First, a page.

When you say "source compliance level" and "generated class code level", you're setting the options for the selected JDK to compile with, not selecting the JDK itself (which is a completely different option).

In other words, you're doing something like "/usr/java/jdk1.6/bin/javac -source 1.4 XXXXFile.java", not switching to JDK 1.4. However, by setting the JDK 1.4 source level, the 1.6 compiler knows, for example, that "enum" is a valid variable name (as it was in JDK 1.4 and earlier) and not a reserved word (JDK 1.5 and later).

This is where Java shows that it was designed for Enterprise use. A certain other platform I could mention lacks those options, and if you need legacy support in an emergency, well, tough luck.

Obviously, it's one thing to be backwards compatible, and another to be prescient, so while you can declare 1.4 compatibility mode on the 1.6 JDK, you can't declare 1.6 compatibility mode on JDK 1.4.

There's more than just one reason why Eclipse supports multiple JDKs, however. While legacy code occasionally does end up requiring the actual 1.4 compiler rather than 1.6 running in 1.4 mode, you may also have things like 1.6.0_u10 and 1.6.0_u20 JDKs installed at the same time. Say, for example, where there's a project that happens to crash the 1.6.0_u20 VM when you debug it, so you have to fall back to the 1.6.0_u10 version (these aren't necessarily real JVM names, but you get the idea, I hope!).
 
Pankaj Poshirkar
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Tim Holloway wrote:Not quite. But first of all, each project has the option to set its own language levels or (default) inherit them from the workspace settings. Saves having to tailor each project minutely in cases where you don't care.

When you say "source compliance level" and "generated class code level", you're setting the options for the selected JDK to compile with, not selecting the JDK itself (which is a completely different option).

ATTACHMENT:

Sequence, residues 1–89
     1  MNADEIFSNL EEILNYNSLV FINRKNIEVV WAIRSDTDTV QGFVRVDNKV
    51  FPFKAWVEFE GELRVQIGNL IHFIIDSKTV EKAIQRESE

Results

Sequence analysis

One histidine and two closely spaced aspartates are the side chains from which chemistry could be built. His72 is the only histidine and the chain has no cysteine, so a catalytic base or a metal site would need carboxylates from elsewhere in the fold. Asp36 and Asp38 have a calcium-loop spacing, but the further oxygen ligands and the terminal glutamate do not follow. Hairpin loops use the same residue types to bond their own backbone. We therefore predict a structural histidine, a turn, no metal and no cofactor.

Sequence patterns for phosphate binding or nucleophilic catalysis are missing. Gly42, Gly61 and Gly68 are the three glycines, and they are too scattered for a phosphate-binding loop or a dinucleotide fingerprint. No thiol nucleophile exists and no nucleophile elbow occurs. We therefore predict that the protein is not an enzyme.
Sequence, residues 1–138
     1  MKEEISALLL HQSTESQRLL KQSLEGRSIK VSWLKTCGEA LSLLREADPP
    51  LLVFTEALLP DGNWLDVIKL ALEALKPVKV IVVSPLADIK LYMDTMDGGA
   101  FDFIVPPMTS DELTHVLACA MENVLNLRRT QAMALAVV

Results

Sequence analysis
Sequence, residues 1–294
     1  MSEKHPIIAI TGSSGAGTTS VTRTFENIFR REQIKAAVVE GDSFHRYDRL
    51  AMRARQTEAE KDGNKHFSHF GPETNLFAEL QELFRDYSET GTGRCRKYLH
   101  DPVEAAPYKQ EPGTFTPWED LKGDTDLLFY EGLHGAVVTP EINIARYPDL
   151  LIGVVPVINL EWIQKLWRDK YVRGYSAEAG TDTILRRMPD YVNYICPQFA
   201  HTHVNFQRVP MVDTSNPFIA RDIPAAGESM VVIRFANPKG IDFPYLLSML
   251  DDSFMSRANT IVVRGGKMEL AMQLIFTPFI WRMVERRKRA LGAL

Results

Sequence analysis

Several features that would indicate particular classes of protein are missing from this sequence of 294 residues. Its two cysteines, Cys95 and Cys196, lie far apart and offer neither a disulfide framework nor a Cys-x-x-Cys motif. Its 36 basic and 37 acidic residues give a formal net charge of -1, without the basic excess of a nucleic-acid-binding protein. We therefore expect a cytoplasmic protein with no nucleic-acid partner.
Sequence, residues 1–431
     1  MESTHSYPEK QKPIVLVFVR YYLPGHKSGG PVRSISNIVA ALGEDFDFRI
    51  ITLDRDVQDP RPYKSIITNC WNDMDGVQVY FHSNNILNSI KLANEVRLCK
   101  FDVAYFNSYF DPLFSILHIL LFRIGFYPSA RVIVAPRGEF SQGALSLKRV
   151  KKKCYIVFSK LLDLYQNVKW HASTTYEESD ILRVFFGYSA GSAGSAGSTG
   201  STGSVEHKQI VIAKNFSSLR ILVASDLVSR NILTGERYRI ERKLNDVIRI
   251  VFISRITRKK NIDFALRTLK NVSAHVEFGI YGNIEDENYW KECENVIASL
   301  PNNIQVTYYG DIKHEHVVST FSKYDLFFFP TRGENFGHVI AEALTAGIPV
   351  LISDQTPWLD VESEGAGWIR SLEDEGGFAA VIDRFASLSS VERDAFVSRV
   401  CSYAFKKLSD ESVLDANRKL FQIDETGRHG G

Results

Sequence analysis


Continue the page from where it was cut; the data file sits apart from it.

In other words, you're doing something like "/usr/java/jdk1.6/bin/javac -source 1.4 XXXXFile.java", not switching to JDK 1.4. However, by setting the JDK 1.4 source level, the 1.6 compiler knows, for example, that "enum" is a valid variable name (as it was in JDK 1.4 and earlier) and not a reserved word (JDK 1.5 and later).

This is where Java shows that it was designed for Enterprise use. A certain other platform I could mention lacks those options, and if you need legacy support in an emergency, well, tough luck.

Obviously, it's one thing to be backwards compatible, and another to be prescient, so while you can declare 1.4 compatibility mode on the 1.6 JDK, you can't declare 1.6 compatibility mode on JDK 1.4.

There's more than just one reason why Eclipse supports multiple JDKs, however. While legacy code occasionally does end up requiring the actual 1.4 compiler rather than 1.6 running in 1.4 mode, you may also have things like 1.6.0_u10 and 1.6.0_u20 JDKs installed at the same time. Say, for example, where there's a project that happens to crash the 1.6.0_u20 VM when you debug it, so you have to fall back to the 1.6.0_u10 version (these aren't necessarily real JVM names, but you get the idea, I hope!).


Thanks a lot Tim... that really helped enhancing my knowledge